Can You Dig It? – Find Estimated RowCounts

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Follow the rest of this series at the Can You Dig It? – Plan Cache series introduction post.

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She can dig it!
D Sharon Pruitt

It’s the eighth post in the plan cache series.  I took a few days off to start up a new blog series, I had considered holding that series until March but a couple upcoming presentations made it seem worthwhile.  But I digress…

Today we’re going to do a little more digging into the StmtSimple element.  As I mentioned in the that post, we could probably find some interesting things in the plan cache if we dig around with some of the attributes of StmtSimple.

StatementEstRows Attribute

Our attribute of the day from StmtSimple will be StatementEstRows.  This element returns the estimated number of rows that a compiled plan is expecting to return.

The estimation of rows return by a query is important.  A plan than is expecting many more or much fewer rows than it actual returns can lead to plans that probably won’t perform optimally.  The plan is compiled with certain expectations and not meeting these has about the same effect as not meeting the expectation of buying your significant other a birthday present.

StatementEstRows Query

Below is a query that I’ve used a few times for investigating StatementEstRows information from plan caches.


SET TRANSACTION ISOLATION LEVEL READ UNCOMMITTED;
GO

WITH XMLNAMESPACES
(DEFAULT 'http://schemas.microsoft.com/sqlserver/2004/07/showplan')
,cEstimatedRows
AS (
SELECT TOP 25
c.value('@StatementEstRows', 'float') AS StatementEstRows
,cp.usecounts
,c.value('@StatementSubTreeCost', 'float') AS StatementSubTreeCost
,c.value('@StatementType', 'varchar(255)') AS StatementType
,CAST('<!--?query  ' + CHAR(13) + c.value('@StatementText', 'varchar(max)') + CHAR(13) + ' ?-->' AS xml) AS StatementText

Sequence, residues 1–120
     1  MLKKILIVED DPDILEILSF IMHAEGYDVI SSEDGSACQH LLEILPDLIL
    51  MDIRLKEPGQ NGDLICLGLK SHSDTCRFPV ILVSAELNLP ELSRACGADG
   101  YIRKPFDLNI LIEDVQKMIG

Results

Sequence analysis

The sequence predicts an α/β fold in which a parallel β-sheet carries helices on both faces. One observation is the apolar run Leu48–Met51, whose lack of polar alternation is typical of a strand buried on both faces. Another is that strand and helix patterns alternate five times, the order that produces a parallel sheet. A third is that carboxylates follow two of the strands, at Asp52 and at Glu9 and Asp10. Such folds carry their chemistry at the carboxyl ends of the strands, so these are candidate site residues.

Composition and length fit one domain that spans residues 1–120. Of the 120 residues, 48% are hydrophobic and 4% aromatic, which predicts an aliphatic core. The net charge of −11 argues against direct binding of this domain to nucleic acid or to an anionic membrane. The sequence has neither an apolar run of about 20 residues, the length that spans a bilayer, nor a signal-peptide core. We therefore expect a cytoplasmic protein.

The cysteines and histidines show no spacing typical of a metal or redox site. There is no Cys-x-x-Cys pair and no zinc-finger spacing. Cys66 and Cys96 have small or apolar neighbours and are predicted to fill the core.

,cp.plan_handle
,qp.query_plan
,c.value('xs:hexBinary(substring(@QueryHash,3))','binary(8)') AS query_hash
,c.query('.') query
FROM sys.dm_exec_cached_plans AS cp
CROSS APPLY sys.dm_exec_query_plan(cp.plan_handle) AS qp
CROSS APPLY qp.query_plan.nodes('//StmtSimple') t(c)
WHERE qp.query_plan.exist('//StmtSimple') = 1
ORDER BY c.value('@StatementEstRows', 'float') DESC
),cQueryStats
AS (
SELECT query_hash
,SUM(total_worker_time / NULLIF(qs.execution_count,0)) AS avg_worker_time
,SUM(total_logical_reads / NULLIF(qs.execution_count,0)) AS avg_logical_reads
,SUM(total_elapsed_time / NULLIF(qs.execution_count,0)) AS avg_elapsed_time
FROM sys.dm_exec_query_stats qs
GROUP BY query_hash
)
SELECT er.StatementEstRows
, er.usecounts
, er.StatementSubTreeCost
, qs.avg_worker_time
, qs.avg_logical_reads
, qs.avg_elapsed_time
, er.StatementType
, er.StatementText
, er.query_plan
, er.plan_handle
FROM cEstimatedRows er
LEFT OUTER JOIN cQueryStats qs ON er.query_hash = qs.query_hash
GO

The query returns the following columns:

  • StatementEstRows: The number of rows that have been estimated to be returned by the plan.
  • Usecounts: Number of times that the compiled plan has been used.
  • StatementSubTreeCost: The total calculated cost for all of the operations in the statement.
  • Avg_worker_time: Average time spent by the CPU executing the query.